NAIROBI, Kenya, Aug 5 – Kenyan firms saw a renewed improvement in economic conditions during the month of July, as the lifting of regional border controls led to sharp rises in output and new business, a survey of purchasing managers by Stanbic Bank has shown.
Stanbic’s PMI output index turned positive – hitting 54.2 points in July compared to 46.6 in June –the sharpest rate of growth in the last 13 months.
The growth, the report says, signals a strong uplift in overall business conditions.
Anything under 50 points indicates a contraction.
During the period under review, firms indicated that the lifting of COVID-19-related restrictions helped to generate higher sales in July, most notably from the removal of regional border controls.
Customer demand was reportedly much greater than in June, leading to a surge in new business that was the most marked for nearly two years.
Export sales were also up steeply as Kenyan businesses saw higher new orders from European countries.
Commenting on the report, Jibran Qureishi, Regional Economist E.A at Stanbic Bank said the removal of county travel restrictions supported output and business sentiment, enabling firms to receive inputs much quicker.
“This enabled firms to receive inputs much quicker, as supplier delivery times improved. In any case, firms remain wary of the uncertain outlook and thus future expansion plans are still not firmed up,” he said.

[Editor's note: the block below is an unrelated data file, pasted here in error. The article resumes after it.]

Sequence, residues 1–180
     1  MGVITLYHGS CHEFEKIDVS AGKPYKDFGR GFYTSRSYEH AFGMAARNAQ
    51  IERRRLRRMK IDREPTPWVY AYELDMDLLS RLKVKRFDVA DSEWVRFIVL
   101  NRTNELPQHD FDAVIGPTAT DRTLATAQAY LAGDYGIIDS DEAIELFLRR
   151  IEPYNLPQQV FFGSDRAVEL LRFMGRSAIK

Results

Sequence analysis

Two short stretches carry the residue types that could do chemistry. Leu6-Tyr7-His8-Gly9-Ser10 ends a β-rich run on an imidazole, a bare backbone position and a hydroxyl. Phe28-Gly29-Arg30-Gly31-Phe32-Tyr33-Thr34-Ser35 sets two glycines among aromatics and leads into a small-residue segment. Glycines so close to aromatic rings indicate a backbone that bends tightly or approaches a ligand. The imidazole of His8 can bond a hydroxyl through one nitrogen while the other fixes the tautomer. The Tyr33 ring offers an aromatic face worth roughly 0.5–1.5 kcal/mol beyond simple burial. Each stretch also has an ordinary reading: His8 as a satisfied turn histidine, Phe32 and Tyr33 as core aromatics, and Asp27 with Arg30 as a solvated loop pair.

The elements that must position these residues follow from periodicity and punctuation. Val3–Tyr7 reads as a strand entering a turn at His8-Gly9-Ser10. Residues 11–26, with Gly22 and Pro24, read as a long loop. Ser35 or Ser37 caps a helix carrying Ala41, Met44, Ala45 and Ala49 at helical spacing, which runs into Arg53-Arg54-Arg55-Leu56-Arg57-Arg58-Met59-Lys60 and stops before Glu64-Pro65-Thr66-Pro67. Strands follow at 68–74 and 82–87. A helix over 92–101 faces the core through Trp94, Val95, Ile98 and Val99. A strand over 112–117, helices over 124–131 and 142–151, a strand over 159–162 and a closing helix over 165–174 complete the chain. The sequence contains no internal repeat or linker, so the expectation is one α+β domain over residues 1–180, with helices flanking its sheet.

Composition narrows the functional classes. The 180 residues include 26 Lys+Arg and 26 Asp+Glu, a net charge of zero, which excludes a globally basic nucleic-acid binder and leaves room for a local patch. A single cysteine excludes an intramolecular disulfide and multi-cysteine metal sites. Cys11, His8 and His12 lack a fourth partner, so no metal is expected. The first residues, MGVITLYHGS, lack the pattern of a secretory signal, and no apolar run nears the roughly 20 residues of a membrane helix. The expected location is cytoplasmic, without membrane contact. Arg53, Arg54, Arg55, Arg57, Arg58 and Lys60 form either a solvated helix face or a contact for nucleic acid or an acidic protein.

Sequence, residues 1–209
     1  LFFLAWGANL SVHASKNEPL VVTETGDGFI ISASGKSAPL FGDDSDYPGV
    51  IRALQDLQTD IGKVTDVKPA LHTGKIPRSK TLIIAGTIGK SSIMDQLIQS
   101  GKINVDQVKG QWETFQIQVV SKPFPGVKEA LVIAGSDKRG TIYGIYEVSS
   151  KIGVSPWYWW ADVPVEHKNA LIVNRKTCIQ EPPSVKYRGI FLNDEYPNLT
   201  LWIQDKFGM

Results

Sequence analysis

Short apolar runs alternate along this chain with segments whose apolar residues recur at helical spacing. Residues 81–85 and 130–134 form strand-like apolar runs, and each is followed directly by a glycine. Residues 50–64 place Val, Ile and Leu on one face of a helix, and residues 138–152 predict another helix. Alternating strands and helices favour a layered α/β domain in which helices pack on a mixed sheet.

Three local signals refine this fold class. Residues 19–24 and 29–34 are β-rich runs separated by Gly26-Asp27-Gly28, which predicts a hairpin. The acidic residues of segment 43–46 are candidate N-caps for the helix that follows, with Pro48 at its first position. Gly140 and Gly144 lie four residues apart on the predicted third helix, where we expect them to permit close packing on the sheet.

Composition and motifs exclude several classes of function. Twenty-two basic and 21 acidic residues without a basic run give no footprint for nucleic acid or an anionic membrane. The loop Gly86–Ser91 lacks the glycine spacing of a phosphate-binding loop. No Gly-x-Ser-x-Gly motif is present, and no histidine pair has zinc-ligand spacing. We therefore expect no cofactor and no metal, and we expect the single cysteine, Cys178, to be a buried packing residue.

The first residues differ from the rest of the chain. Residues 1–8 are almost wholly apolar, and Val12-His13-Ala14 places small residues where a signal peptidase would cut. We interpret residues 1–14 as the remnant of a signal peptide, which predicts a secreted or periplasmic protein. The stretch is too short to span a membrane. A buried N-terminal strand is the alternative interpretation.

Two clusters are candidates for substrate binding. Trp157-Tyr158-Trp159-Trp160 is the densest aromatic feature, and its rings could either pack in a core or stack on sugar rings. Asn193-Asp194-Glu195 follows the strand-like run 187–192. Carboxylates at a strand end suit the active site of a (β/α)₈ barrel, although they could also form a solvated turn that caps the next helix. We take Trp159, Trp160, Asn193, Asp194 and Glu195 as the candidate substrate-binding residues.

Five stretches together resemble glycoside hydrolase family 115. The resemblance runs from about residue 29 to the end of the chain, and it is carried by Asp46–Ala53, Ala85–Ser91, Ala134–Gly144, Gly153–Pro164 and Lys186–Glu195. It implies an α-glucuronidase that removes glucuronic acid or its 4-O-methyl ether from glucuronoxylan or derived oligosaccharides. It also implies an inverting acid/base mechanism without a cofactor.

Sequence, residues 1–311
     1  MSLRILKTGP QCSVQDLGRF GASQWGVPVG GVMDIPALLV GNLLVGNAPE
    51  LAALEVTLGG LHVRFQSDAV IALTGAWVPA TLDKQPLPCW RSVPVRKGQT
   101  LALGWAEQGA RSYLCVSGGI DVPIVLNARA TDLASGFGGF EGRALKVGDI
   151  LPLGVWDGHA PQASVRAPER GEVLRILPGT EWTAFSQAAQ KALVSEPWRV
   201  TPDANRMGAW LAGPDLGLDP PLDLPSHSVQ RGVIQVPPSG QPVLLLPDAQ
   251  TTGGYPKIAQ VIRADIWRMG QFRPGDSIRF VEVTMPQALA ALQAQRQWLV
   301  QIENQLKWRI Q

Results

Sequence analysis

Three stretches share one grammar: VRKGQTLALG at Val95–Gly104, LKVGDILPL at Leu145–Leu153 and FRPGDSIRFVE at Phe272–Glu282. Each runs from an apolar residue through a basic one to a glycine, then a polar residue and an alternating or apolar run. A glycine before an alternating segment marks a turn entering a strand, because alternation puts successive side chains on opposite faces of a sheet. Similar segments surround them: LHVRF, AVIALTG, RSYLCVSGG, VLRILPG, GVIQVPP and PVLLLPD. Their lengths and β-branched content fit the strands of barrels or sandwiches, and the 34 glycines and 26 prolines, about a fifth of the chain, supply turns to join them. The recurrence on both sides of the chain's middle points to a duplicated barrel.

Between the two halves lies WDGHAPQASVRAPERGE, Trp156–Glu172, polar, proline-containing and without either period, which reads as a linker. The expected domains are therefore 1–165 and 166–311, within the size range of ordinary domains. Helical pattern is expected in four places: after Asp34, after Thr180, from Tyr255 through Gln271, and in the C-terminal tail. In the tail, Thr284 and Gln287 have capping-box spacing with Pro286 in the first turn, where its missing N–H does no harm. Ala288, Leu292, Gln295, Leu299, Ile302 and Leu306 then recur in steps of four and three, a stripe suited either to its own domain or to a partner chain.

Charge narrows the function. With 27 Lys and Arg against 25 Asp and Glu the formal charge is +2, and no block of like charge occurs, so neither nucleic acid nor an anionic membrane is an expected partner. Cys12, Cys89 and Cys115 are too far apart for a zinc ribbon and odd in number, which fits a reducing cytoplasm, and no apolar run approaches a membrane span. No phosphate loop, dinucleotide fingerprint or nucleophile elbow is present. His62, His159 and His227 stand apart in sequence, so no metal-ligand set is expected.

In response, output levels expanded at a sharp pace at the start of the third quarter, one that was the fastest since May 2018.
According to the report, this was also the first upturn for seven months, representing a partial recovery in activity since the depths of the COVID-19 pandemic.
Purchasing activity rose solidly as firms looked to build up stocks and prepare for a return to normal levels of demand.
Relaxed travel restrictions helped firms to receive inputs quicker than in June, as delivery times improved at the fastest rate for 16 months.
Workforce numbers continued to fall in July, albeit at the weakest pace in the current five-month run of job shedding.
There were indications of slight pressure on capacity, while some panelists commented that workforces needed to be expanded.
Purchase prices rose at a stronger, but still modest, rate during July, amid numerous mentions of short supply of some raw materials.
Consequently, firms raised output charges for the first time since March.
Whilst growth returned in the Kenyan private sector during July, businesses were still relatively downbeat regarding the year-ahead outlook.
The level of sentiment was positive, albeit only fractionally higher than the record low seen in August 2016. Several firms highlighted plans to expand their businesses in the coming year, but often cautioned that these plans depended on an end to the pandemic, which remained largely uncertain.